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Taiwanese shipbuilder CSBC Corp has high hopes that the booming container shipping market will end its drought of merchant ship orders.
Yesterday, management announced they were in discussions with clients to build 15,000 teu and 2,000-3,000 teu vessels.
CSBC VP Chou Chih-ming said although the global economy was showing signs of weakness, due to the global target of achieving zero carbon emissions by 2050, shipping companies were increasing capital investments and rushing to order newbuilds to replace old and leased ships.
This is despite the orderbook for containerships standing at an all-time high, with vessel databases showing 880 ships of a combined 6.9m teu under construction –an orderbook-to-fleet ratio of over 30%.
Of these, 90 are 15,000 teu vessels, and there are at least 140 ships in the 2,000-3,000 teu range.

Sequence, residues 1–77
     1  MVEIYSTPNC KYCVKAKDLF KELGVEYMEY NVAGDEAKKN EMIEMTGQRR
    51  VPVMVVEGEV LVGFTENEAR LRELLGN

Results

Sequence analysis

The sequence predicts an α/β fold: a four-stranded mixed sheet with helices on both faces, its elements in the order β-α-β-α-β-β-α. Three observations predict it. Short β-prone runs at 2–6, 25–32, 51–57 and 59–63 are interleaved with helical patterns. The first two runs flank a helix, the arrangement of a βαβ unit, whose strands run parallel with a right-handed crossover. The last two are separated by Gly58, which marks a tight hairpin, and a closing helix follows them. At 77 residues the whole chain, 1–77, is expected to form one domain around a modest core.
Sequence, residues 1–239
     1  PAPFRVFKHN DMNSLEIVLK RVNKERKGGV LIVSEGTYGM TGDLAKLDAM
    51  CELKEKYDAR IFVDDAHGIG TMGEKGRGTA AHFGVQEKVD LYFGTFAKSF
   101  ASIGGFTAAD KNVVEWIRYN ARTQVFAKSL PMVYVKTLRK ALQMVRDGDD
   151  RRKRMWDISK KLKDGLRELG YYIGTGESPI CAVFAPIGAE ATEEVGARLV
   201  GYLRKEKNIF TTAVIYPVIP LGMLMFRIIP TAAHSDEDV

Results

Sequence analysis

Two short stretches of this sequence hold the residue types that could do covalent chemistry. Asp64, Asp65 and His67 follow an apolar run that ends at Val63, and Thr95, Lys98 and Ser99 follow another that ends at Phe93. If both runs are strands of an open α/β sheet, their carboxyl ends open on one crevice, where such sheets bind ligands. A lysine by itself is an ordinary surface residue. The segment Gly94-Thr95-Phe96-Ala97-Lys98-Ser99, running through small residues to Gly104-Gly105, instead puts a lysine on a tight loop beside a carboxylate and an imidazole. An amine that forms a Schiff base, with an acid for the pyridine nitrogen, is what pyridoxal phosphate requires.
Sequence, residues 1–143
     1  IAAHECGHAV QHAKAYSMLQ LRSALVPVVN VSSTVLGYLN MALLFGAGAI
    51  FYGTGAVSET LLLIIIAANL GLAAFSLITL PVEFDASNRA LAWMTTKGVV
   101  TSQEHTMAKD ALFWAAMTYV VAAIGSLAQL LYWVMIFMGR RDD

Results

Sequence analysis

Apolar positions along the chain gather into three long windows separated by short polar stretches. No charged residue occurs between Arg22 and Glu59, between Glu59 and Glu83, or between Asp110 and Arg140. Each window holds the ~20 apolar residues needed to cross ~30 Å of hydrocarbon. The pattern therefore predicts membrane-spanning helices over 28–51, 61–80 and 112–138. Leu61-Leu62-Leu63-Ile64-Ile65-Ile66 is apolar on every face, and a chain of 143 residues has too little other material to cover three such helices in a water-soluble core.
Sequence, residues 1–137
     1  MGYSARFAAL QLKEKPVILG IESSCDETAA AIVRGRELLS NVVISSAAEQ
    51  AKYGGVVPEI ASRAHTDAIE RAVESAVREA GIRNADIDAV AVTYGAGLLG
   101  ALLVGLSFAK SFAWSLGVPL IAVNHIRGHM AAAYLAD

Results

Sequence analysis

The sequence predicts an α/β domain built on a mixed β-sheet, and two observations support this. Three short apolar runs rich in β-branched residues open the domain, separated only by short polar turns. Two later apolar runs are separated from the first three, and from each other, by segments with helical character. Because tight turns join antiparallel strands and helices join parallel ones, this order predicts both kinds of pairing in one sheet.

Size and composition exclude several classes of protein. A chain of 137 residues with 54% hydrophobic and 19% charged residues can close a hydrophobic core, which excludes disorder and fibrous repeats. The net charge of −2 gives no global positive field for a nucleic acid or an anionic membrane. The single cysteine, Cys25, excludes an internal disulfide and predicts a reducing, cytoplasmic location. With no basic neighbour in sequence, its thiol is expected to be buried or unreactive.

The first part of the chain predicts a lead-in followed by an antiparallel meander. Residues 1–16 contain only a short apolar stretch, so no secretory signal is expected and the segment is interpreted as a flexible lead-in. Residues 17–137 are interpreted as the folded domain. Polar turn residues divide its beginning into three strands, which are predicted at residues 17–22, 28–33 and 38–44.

CMA CGM is among operators and tonnage providers continuing to order new ships, and has reportedly shortlisted Dalian Shipbuilding to build five 15,000 teu methanol-fuelled vessels.
Mr Chou noted that by early next year, the International Maritime Organization wants a 5% reduction in carbon emissions and, thereafter, the reduction will be stepped up 2% annually, reaching 11% in 2026.
He said: “Shipping companies have two options, one is to build new ships, the other is to slow-steam existing vessels.”
Mr Chou noted that, while newbuilding orders had recovered in the past two years, shipbuilders have been challenged by rising raw material prices.
The Taiwanese government has a stake of more than 27% of CSBC through the National Development Fund, Ministry of Economic Affairs and CPC Corporation. Last year, CSBC ended four years of red ink with a modest $345,000 net profit. As merchant ship orders faded, it has been focusing on constructing naval vessels for the government.
CSBC is, however, also building four 2,800 teu ships speculatively, and has invited tenders from 20 shipping companies to either lease or purchase them. Bids submitted by 10 companies are being assessed.
The boxships will be delivered by Q3 23 and CSBC expects them to make a positive contribution to its bottom line next year.